What was once seen as the safest and most trusted operating system on the market is now facing yet another malware attack.
Late last week, malware-infected mobile apps were detected in Apple’s Chinese App Store by multiple security researchers.
Hackers reportedly used an altered version of Apple’s development tool Xcode to inject malware into applications, Engadget reported. Alibaba researchers named the malware "XcodeGhost," since it launches when developers download the altered versions of Xcode.
According to security researcher Palo Alto Networks, XcodeGhost has successfully been able to infect multiple iOS apps created by infected developers. These apps were able to be submitted to the App Store, pass Apple’s code review and were then made available for public download.
“We believe XcodeGhost is a very harmful and dangerous malware that has bypassed Apple’s code review and made unprecedented attacks on the iOS ecosystem,” Palo Alto Networks security researcher Claud Xiao said.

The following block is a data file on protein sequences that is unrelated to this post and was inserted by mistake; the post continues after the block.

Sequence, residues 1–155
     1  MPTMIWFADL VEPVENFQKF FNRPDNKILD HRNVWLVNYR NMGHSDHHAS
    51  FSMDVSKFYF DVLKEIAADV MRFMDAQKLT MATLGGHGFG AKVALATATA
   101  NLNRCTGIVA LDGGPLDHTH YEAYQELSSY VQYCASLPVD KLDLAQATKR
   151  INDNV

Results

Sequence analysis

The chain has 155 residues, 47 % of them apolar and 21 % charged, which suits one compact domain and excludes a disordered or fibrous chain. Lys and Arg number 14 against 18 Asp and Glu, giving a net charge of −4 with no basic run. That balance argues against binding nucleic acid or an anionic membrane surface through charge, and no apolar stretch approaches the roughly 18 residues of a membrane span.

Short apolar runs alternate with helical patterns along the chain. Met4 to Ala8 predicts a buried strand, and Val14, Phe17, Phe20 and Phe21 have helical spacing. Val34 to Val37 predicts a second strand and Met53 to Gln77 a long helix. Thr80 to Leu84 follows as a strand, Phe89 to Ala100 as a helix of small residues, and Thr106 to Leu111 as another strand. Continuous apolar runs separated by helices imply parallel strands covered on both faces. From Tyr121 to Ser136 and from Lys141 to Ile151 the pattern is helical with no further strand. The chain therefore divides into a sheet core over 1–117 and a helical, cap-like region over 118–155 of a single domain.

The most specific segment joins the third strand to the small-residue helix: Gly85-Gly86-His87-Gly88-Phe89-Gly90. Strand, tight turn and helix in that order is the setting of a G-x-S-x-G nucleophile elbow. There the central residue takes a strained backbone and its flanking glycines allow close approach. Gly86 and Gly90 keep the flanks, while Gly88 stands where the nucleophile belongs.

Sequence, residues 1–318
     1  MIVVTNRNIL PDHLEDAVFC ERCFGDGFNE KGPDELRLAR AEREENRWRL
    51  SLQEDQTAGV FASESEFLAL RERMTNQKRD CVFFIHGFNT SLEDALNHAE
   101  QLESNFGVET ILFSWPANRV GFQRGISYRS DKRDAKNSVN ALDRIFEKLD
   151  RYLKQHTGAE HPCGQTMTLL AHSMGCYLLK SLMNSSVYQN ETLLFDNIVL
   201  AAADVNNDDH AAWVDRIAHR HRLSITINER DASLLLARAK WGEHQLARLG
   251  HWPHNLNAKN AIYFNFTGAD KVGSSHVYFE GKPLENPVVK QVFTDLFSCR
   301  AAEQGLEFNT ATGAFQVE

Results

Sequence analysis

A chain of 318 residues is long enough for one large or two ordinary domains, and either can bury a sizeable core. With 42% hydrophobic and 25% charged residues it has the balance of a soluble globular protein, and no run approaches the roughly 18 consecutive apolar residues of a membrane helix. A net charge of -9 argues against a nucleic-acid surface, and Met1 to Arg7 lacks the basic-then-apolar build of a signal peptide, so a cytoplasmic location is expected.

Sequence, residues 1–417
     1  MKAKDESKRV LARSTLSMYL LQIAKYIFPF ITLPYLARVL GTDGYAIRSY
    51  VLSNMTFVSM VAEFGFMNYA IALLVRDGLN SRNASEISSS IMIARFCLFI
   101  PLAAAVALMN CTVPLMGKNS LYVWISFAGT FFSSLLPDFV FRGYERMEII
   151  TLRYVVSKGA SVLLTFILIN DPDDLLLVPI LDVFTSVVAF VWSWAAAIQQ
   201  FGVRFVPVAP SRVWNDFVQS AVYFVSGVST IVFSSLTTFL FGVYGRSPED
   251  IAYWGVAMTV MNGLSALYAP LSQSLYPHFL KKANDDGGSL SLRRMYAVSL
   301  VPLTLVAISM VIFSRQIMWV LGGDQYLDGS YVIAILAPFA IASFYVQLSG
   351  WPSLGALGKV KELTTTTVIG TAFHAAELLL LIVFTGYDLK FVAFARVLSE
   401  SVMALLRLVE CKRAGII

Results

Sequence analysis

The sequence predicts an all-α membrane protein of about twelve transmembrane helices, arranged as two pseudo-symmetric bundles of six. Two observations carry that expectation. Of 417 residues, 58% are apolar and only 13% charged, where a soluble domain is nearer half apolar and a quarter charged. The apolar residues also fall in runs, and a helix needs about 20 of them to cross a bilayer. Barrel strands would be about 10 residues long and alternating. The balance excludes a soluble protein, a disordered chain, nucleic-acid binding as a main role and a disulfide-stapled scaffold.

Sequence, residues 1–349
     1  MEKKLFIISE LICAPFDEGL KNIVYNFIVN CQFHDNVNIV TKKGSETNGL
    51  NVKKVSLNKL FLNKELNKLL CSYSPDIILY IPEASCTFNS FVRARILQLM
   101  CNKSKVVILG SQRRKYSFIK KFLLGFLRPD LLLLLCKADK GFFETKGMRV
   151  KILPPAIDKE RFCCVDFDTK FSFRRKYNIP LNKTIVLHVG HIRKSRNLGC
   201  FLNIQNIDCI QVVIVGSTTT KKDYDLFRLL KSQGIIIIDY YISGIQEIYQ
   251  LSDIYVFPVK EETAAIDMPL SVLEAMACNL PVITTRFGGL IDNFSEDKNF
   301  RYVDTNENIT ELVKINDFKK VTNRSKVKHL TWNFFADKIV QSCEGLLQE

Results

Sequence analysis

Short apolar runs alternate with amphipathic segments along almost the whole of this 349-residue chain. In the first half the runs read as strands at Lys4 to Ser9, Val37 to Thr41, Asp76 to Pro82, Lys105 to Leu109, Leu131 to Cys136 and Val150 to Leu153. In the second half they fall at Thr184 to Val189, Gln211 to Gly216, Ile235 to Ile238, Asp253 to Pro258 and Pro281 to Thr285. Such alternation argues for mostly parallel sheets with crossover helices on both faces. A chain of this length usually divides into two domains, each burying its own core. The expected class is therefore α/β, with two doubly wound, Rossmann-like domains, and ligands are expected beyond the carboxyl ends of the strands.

Researchers confirmed XcodeGhost has the ability to transmit information about a user’s mobile devices, including the phone’s name, language, country, network type and UUID.
“We have evidence that this was used to ‘phish’ iCloud credentials from users of infected apps. The response can also contain a URL, which the app will then open. We don’t know how this is being used, but it could be used to send other apps on the phone to potentially malicious resources,” Ryan Olson, intelligence director of the Unit 42 research unit at Palo Alto Networks, told Forbes.
The list of compromised iOS applications includes mobile messenger WeChat, Uber’s Chinese rival Didi Kuaidi and music streaming service NetEase, The Wall Street Journal reported over the weekend.
Palo Alto Networks said it has made Apple aware of the vulnerability, but the company has not yet provided any public comment.
The latest update to Apple’s operating system, iOS 9, was released with some sense of urgency this year, as without it iOS enthusiasts are apt to be tapped by what many are calling a “nasty bug” that is easily and quietly exploitable via Apple AirDrop, iOS and Mac OS’s file-sharing system.
The goods new here is that an upgrade to iOS 9 significantly mitigates the problem. The bad news (despite all the headlines to the contrary) is that the iOS 9 upgrade does not fix the problem — it only makes it a little less severe.
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